Q. You had founded ‘A’ in 2004, which was merged with Wieden+Kennedy in 2007. How has the transition been? Sunil: A few friends got together and we had many names, even ‘Karate’. We had a nice logo too. At the end of the day, name doesn’t matter. When W+K came, the merger was smooth as the thinking was similar; we were originally helping them, and somewhere down the line the merger happened. In our mind, the only thing we were losing was the name. We were a small group of about 8 to 12 people. We grew to 65 people in the first year.

Mohit: Sunil started it and I joined him later, but he could not tell me why it was called ‘A’. But the merger with W+K was smooth.

Q. A recent phenomenon has been creative people branching out to set up creative hot shops in Delhi. Comment. Sunil: It’s very good. Even when we started, it was like that and many other agencies had popped up too. Some good work should come and a new point of view, otherwise it will not help them. It’s a good thing that at least they are breaking away from the comfort zone to do their own thing. In the Western markets creative people are running successful businesses and they have the guts to do that.

Q. How is W+K leveraging the digital space for itself and its clients? Digital is an integral part of everything that we do, and has been for a while. If you produce a great TV spot, but don’t bother to design the next step of the interaction (and it’s increasingly likely to be a digital interaction), then that’s a huge waste of everybody’s time and money.

In India, we’ve helped many of our clients build social media strategies, apps, etc., but the most interesting example is probably our recent film for HCL Technologies, which was released only on YouTube and clocked 2.6 million views in a few months.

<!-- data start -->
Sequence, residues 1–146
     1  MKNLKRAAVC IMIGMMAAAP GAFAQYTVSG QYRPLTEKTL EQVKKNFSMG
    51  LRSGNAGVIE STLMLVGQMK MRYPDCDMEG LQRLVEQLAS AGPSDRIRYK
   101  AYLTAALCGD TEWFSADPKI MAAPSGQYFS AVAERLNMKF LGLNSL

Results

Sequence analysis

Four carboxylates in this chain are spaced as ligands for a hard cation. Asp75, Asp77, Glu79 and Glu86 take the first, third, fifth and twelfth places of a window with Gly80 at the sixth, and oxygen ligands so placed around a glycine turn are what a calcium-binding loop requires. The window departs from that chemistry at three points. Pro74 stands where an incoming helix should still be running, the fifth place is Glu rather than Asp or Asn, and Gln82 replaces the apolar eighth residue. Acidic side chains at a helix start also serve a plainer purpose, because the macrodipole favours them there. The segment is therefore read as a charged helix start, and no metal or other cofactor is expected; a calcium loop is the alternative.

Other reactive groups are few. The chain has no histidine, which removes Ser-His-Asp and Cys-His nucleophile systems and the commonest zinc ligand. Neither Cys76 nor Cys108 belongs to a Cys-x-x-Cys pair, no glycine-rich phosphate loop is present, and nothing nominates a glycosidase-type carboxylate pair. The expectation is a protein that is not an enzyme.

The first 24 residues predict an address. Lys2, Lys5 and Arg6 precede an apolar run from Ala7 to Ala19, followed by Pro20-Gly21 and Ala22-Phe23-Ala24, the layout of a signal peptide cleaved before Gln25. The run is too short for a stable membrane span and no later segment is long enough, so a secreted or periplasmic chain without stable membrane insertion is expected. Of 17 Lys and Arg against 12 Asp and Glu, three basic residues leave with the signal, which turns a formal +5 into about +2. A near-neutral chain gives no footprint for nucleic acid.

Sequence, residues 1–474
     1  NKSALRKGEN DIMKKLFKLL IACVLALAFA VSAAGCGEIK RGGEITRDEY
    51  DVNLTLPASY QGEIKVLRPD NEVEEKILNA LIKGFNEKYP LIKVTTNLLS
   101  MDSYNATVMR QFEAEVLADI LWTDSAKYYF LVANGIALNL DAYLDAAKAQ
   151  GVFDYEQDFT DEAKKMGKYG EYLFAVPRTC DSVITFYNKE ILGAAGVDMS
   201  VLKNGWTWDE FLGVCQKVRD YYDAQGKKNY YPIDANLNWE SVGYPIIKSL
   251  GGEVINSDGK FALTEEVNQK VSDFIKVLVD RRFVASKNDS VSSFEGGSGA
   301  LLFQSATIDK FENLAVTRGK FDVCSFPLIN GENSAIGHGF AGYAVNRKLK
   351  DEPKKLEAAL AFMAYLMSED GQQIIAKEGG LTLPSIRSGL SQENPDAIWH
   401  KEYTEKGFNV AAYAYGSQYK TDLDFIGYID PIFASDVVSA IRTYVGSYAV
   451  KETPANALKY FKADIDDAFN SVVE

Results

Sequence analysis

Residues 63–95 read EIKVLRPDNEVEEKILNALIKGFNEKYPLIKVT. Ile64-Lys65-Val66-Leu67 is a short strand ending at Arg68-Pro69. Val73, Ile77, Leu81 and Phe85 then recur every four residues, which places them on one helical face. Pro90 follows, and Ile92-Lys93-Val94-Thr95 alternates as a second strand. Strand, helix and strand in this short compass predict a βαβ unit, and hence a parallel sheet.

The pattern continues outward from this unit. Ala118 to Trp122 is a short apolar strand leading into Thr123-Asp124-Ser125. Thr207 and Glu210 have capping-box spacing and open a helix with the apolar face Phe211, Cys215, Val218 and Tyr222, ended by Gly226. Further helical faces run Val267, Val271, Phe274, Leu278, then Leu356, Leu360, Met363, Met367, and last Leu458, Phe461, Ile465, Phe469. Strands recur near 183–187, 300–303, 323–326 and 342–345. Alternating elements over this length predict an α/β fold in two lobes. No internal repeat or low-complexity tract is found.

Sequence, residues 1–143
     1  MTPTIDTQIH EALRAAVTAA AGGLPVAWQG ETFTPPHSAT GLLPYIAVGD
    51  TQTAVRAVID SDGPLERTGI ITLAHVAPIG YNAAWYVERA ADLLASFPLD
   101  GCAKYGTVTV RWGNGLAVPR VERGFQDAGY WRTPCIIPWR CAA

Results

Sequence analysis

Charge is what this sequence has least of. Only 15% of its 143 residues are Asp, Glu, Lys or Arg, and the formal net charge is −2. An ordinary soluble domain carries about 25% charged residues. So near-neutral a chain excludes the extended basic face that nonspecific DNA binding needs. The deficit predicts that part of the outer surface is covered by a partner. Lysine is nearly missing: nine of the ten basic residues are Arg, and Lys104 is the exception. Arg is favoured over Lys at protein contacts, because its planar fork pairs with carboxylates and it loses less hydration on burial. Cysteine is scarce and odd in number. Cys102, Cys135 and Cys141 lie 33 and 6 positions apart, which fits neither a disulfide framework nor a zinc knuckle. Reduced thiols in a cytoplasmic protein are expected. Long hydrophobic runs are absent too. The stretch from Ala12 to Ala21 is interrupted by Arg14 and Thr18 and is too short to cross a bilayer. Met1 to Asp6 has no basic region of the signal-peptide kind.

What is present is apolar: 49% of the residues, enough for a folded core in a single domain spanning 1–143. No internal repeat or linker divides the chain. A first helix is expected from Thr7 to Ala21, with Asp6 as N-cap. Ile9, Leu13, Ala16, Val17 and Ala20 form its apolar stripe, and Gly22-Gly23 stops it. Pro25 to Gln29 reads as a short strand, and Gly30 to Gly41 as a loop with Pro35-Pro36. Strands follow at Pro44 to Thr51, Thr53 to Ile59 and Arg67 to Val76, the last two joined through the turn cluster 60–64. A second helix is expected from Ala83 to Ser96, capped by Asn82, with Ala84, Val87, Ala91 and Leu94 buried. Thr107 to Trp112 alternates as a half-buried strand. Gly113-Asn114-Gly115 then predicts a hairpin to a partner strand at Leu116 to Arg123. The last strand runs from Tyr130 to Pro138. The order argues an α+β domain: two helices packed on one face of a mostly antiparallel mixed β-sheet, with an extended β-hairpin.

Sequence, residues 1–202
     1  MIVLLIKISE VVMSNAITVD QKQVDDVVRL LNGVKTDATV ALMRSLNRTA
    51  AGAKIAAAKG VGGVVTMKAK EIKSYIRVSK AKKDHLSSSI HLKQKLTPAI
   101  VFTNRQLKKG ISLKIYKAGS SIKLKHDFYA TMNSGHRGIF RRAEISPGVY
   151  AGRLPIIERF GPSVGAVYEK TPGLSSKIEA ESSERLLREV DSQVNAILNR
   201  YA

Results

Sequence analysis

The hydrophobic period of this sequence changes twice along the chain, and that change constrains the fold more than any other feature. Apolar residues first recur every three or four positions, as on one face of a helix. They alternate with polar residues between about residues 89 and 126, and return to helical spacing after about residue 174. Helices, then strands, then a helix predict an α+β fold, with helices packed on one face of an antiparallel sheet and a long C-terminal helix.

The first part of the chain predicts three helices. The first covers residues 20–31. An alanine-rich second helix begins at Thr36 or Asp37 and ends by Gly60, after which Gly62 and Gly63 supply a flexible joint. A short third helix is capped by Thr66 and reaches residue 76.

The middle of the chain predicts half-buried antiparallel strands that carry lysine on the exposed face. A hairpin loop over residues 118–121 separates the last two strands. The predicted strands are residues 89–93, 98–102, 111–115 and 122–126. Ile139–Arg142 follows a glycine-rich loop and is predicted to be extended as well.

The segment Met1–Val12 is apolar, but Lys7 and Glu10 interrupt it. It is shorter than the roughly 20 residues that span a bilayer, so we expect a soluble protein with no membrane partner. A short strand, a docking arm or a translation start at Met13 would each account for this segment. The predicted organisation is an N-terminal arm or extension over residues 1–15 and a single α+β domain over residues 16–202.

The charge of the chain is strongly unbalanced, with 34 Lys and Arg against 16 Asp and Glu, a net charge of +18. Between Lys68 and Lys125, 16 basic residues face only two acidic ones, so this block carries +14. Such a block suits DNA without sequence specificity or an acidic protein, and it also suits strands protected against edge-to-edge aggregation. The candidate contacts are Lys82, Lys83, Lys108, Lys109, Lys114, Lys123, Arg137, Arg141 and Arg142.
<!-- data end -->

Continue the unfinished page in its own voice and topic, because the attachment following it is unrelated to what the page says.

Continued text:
We are also very proud of the fact that other W+K offices have created some of the world’s best digital campaigns, for example, Old Spice by W+K Portland as well as various campaigns by W+K London and W+K Amsterdam.

Q. When you had set up shop in 2007, your objective was “to define a new approach to branding in India”. How has that shaped up? Mohit: It has done quite well. We’re only a part of a large movement that’s doing that. Not that we are the only guys doing it, but we hope to be part of a gang who is making it – film makers, artists, music makers. I’m sure there are more talented people than us, but in our own way we are doing that. We have done a fair amount of work, which is helping define that and we are quite satisfied.

Sunil: Most of the work you will see in the airports, like when you fly Indigo, there is a change. In other cases too, it’s all there. You can see the big change happening, it’s happening slowly. A lot of younger people, who may not have the budgets or bandwidth – they are making an effort. You can see a big change happening in small pockets – Hauz Khaz village in Delhi, small businesses, in Mumbai.

Q. Wieden+Kennedy has been named Cannes Independent Agency of the Year and Agency of the Year. Where does W+K move from here? Sunil: From the beginning, and especially in the recent past, even our regular ad work have a social relevance, it’s almost like a social commentary. Wherever possible, we have to work like good artists, musicians, architects. Finally, we are in the middle of this action and people we work with are those kinds of people. In some of our offices, like Portland, W+K is already an epicentre for other creative people to come together to take ideas forward. That will grow more and more. It doesn’t matter if you are doing ads or something else. That’s what companies like W+K will go to. That’s a natural progression.

Q. Your Delhi client list includes besides Levi’s, Heineken India, Coca-Cola India, Invista (Lycra, Coolmax), as well as what you call new ‘tiger brands’ from India’s fastest-growing market categories – Royal Enfield Motorcycles, HCL Technologies, Oberoi Hotels & Resorts, Trident Hotels, Xylys and IndiGo. Any additions to this list in the near future? Sunil: We are working on a couple of projects for 2-3 brands, besides there is a lot of maintenance work that is going on.

Mohit: We are working on a fair amount of new businesses, but cannot talk about them. Some are extended projects such as the HCL communication issue. It’s unusual, but we approach new businesses like that. Do we need to hang around like an agency? Or can we solve the problem and fix it internally, customise it to the business problem and hand it over? Or keep on supporting it internally or digitally and we come back when our client needs us, otherwise we will be an expensive drain on your system? Agencies like ours have to drive, otherwise you will just sit around servicing a relationship. That’s not a skill.